Saturday, December 31, 2011

Happy New Years! Please celebrate responsibly

While we value the relationship we have with our clients and look forward to representing you in the future, there are some situations that can be avoided. At Wolf, Baldwin and Associates we hope you enjoy your New Year's celebrations, but would ask that you do so responsibly. If you find yourself having a few too many, be safe and contact one of the services such as Designated Driving Services that operates in both Bucks and Montgomery counties.

Wolf, Baldwin and Associates does offer a variety of legal services including both DUI/DWI and Traffic Offenses. We are always happy to serve our clients. However, we hope that you celebrate this holiday safely and responsibly. Thank you for your business in 2011 and here is to a prosperous 2012!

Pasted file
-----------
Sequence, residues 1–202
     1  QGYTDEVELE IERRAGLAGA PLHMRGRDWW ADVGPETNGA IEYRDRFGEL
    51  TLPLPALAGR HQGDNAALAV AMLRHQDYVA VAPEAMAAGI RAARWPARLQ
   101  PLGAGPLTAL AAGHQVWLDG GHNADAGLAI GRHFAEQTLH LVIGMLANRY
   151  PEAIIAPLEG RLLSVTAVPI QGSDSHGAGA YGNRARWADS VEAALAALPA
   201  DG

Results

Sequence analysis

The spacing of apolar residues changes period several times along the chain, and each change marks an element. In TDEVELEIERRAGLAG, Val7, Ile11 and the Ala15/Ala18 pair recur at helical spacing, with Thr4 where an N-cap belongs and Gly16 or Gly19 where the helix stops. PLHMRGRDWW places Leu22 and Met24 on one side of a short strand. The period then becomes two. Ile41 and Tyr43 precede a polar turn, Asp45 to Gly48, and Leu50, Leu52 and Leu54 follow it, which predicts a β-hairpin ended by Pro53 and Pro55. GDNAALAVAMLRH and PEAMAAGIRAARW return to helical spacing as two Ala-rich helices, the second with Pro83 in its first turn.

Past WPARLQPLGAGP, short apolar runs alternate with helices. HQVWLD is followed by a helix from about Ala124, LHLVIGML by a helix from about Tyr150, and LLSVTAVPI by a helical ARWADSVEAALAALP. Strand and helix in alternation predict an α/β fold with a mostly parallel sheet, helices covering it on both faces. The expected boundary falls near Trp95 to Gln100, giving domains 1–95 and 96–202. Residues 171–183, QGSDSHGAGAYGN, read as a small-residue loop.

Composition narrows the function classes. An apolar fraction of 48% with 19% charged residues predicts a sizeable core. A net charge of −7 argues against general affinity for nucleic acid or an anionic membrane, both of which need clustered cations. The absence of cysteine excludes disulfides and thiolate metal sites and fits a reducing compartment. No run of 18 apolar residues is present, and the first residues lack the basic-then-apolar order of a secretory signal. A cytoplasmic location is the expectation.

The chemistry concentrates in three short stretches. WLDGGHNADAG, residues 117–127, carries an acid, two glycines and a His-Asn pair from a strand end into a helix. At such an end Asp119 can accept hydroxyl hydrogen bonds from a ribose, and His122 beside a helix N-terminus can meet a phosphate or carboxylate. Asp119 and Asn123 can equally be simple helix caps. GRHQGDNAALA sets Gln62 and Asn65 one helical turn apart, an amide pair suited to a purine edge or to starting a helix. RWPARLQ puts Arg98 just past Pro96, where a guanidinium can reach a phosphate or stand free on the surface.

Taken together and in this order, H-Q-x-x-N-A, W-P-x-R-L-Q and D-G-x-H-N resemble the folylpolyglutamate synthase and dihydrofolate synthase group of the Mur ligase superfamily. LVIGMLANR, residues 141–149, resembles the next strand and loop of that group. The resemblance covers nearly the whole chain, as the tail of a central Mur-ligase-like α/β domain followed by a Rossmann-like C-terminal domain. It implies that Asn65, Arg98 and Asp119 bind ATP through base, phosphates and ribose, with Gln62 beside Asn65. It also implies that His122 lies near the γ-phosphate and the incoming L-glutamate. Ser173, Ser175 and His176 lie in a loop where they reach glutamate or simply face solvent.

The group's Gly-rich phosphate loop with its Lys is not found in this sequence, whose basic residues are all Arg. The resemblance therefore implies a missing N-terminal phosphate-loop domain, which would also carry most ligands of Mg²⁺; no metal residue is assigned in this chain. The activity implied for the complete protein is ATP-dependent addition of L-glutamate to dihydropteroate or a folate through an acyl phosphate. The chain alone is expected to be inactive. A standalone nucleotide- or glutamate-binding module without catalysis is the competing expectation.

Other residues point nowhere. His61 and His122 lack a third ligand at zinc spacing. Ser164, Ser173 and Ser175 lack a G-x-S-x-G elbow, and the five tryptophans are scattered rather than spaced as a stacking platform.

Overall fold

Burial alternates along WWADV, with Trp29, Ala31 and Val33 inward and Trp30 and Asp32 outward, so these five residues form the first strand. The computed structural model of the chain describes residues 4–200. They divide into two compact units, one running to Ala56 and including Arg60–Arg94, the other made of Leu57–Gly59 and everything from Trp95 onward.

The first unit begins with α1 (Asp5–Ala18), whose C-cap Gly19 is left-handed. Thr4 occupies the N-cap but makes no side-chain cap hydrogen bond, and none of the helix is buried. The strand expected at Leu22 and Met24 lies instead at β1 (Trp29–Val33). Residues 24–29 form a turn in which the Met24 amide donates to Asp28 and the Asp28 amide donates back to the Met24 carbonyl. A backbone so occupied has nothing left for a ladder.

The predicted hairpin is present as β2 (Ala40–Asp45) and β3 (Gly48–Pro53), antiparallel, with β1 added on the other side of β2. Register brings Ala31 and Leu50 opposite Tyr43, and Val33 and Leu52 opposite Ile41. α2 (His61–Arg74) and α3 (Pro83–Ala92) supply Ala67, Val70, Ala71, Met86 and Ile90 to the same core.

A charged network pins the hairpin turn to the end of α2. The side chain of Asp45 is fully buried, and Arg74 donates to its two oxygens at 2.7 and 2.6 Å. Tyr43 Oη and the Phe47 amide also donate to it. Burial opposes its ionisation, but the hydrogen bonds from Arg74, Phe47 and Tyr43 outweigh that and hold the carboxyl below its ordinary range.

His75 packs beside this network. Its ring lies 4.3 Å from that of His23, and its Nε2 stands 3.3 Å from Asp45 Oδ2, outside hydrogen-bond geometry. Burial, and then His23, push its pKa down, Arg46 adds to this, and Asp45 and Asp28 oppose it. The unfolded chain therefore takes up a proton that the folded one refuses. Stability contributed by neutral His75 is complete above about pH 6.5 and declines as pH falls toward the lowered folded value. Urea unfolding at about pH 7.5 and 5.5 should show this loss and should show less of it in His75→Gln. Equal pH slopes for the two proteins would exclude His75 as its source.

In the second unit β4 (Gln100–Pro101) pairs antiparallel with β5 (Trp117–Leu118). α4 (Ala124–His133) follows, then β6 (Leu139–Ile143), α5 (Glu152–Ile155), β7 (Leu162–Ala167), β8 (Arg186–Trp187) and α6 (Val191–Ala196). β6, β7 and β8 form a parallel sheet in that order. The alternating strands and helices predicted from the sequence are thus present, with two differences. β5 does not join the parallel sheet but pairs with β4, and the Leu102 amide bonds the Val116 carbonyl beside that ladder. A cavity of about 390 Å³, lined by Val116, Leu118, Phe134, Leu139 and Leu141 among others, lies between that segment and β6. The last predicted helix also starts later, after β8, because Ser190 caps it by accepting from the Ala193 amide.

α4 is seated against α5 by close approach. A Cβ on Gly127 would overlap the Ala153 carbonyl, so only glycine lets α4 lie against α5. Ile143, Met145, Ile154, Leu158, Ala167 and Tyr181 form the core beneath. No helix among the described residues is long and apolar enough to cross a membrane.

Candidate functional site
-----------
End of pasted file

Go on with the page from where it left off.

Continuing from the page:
Thursday, December 8, 2011


Non-competition covenants – agreements by which employers seek to contractually restrict employees from later working for a competitive business, often for a year or two after leaving their current employment – are an ever-increasing part of the business landscape. Historically, these covenants were legitimately used to provide employers with critical protections against the taking of important parts of their business by key employees. More recently, however, the blanket and indiscriminate use of these covenants to bind all sorts of employees, from CEOs to entry-level sales representatives, has become an increasingly onerous and unreasonable limitation upon the activities of both employers and employees alike.